As the transition period following the United Kingdom’s (the UK’s) withdrawal from the European Union (the EU) comes to an end, so too will the preferential trade terms of various EU free trade agreements (FTAs) from which the UK has historically benefitted as a result of its membership of the EU. While the UK and its non-EU trade partners have voluntarily continued to comply with the preferential treatment afforded under the EU during the transition period, such treatment expired as of 11 pm UK time, on December 31, 2020. Poised to chart a new course for its trade future, the UK has negotiated and/or entered into various trade agreements with non-EU counterparties with the purpose of replicating, to the extent possible, the preferential treatment afforded to the UK (and reciprocated by it) under the EU FTAs.1 In the latest exercise in this initiative on December 15, 2020 the UK and Mexico signed the Mexico-UK Trade Continuity Agreement (the Agreement).2
In a joint statement issued by the UK and Mexico, the two countries affirmed that the Agreement is intended to “maintain preferential access for trade between Mexico and the UK following the end of the UK’s Transition Period with the EU on 31 December 2020, when the EU-Mexico Global Agreement will no longer apply to the UK. Both sides will strive to bring the agreement into force on 1 January 2021, subject to parliamentary procedures and legislative approvals.”3 Indeed, the Agreement instills certainty in the countries’ ongoing trade relationship, which accounts for over $5 billion per year and covers the automotive, pharmaceutical, textile, agriculture, food and drink, and other important manufacturing industries.
Importantly, the Agreement seeks to “prevent the additional duty burden that would be levied under [the World Trade Organization's (WTO) most favored nation] terms,”4 and officials estimate such an agreement could save an estimated £59 million worth of duties that would otherwise have been levied on UK exports to Mexico alone.5 This includes almost £30 million in levies on UK-exported vehicles, for which tariffs will also remain at zero percent, as opposed to the 20 percent rate that would otherwise apply under WTO terms.6 In addition to the Agreement, both signatories have also entered into a separate accord concerning the mutual recognition and protection of designations for spirit drinks, to enhance further trade in one of the most important sectors for bilateral trade, and simultaneously attempt to protect the geographical designations of products such as Scotch Whiskey, Irish Whiskey, Tequila, and Mezcal.7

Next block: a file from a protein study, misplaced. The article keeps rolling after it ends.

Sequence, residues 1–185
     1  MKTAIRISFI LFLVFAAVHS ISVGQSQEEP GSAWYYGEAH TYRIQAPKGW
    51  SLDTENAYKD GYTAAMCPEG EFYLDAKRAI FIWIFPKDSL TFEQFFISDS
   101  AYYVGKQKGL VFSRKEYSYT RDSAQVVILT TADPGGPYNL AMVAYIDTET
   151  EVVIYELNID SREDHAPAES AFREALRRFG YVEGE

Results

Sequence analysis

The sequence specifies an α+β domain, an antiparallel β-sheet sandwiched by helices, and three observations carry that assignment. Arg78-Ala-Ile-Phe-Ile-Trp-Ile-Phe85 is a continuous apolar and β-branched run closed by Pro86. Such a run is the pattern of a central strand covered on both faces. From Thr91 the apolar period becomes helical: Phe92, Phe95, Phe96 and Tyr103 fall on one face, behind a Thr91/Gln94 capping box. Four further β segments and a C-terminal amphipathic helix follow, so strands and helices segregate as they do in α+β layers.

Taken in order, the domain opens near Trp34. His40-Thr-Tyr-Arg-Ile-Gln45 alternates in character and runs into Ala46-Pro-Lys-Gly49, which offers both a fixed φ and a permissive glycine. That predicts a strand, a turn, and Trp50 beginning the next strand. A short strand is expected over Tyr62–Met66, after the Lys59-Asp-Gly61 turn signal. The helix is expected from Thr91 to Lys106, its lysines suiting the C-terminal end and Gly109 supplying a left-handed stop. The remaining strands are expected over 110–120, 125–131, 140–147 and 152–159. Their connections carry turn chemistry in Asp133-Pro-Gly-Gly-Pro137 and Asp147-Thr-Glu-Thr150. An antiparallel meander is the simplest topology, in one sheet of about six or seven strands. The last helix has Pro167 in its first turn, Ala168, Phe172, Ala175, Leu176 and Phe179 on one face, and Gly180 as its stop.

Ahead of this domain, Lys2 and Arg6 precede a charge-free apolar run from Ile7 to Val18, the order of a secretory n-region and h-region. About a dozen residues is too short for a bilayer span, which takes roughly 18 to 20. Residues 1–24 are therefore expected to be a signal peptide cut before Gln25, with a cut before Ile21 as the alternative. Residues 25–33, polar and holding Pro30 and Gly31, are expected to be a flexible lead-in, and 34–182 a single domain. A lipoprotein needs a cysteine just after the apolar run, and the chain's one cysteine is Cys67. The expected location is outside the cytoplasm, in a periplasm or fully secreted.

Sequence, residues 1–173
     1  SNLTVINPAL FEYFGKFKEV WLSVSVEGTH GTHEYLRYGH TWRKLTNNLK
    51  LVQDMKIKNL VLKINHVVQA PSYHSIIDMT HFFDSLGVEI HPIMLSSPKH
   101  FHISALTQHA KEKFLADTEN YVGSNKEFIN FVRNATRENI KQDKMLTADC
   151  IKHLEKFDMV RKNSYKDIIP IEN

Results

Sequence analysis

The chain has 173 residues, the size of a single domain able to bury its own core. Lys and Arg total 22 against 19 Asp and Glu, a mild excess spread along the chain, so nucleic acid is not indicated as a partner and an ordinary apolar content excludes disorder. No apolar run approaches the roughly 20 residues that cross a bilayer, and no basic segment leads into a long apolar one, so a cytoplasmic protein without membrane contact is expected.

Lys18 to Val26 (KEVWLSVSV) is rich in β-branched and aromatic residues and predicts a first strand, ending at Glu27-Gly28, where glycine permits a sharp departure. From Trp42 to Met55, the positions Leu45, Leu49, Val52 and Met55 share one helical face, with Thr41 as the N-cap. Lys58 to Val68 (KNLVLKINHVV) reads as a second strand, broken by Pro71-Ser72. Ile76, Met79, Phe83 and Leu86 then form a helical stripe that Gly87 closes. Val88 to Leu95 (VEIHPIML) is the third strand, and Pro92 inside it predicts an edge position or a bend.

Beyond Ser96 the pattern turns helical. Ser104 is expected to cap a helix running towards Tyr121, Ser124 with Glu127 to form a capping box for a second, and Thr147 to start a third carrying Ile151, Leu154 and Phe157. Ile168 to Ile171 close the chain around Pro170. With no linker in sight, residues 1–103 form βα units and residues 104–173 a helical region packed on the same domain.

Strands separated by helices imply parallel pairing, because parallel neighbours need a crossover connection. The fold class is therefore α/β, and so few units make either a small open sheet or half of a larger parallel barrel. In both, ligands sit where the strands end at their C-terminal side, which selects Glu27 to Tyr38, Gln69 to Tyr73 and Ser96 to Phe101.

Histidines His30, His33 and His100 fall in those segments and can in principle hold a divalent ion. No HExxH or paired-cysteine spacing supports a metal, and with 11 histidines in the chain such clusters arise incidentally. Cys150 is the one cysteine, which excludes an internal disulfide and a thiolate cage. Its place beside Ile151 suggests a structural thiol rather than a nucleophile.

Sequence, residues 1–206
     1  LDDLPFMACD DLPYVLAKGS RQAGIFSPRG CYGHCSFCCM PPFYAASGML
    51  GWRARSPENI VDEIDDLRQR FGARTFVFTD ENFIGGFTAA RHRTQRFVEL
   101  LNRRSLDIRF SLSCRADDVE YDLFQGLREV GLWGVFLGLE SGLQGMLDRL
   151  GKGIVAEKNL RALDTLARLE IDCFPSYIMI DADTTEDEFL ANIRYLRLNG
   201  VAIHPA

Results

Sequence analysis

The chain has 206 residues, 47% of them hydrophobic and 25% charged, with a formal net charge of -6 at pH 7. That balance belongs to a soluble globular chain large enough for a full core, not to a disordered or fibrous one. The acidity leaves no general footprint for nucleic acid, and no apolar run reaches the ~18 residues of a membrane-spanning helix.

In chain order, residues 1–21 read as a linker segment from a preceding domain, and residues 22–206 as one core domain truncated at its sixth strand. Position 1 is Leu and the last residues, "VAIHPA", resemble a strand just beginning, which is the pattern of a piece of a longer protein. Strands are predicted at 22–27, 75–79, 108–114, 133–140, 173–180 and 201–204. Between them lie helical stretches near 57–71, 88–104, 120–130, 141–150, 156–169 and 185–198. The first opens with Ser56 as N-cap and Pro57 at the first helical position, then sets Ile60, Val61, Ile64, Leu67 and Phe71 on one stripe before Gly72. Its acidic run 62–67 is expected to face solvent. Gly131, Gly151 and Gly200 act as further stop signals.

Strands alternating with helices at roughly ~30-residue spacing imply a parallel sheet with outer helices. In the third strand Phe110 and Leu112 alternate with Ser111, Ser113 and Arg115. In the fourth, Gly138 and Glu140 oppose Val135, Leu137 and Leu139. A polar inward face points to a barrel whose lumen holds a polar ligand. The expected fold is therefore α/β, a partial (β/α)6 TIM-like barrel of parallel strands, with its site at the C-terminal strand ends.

The primary objective of the Agreement is to reproduce the preferential conditions relating to trade between Mexico and the EU from the EU-Mexico Global Agreement8 and to provide a platform for further trade liberalization between the two countries.9 This objective is furthered by article 9 of the Agreement, which commits both parties to (i) enter into negotiations for an ambitious, modern, and comprehensive free trade agreement as soon as possible and within one year from the date of entry into force of the Agreement; (ii) consider positively any proposal by the other party with respect to a subject to be included in the objective of the negotiations; and (iii) endeavor to conclude negotiations within three years from the date of entry into force of the Agreement. Thus, while a more fulsome trade agreement could be engineered over the coming years, the Agreement serves as a crucial precursor aimed at ensuring existing trade between Mexico and the UK remains uninterrupted.
Importantly, the Agreement represents a furtherance of the UK’s commitment to join the Comprehensive and Progressive Agreement for Trans-Pacific Partnership10 (of which Mexico is already a member), as well as Mexico’s commitment to support the UK in that process. The Agreement also underscores the countries’ commitment to the ambitious trading relationship made under their 2019 accord, concerning the Partnership for Sustainable and Inclusive Growth, which was entered into as a means of building and strengthening the countries’ political dialogue, economic links, and widening cooperation between them.11
It should be noted that the Agreement does not simply mirror the EU-Mexico Global Agreement. While a complete analysis of the modifications from the EU-Mexico Global Agreement are beyond the scope of this client alert, the Appendix to the Agreement identifies specific amendments to the EU-Mexico Global Agreement,12 Decision 2/2000, and Decision 2/2001, and other decisions of the EU-Mexico Joint Council. These amendments should be consulted by all commercial participants whose goods and services flow between the UK and Mexico, in order to assess fully the Agreement’s potential impacts on their businesses. More long term, cross-border participants active in both jurisdictions would be well served to continue to monitor negotiations and other developments regarding the future trade agreements that the countries aspire to implement.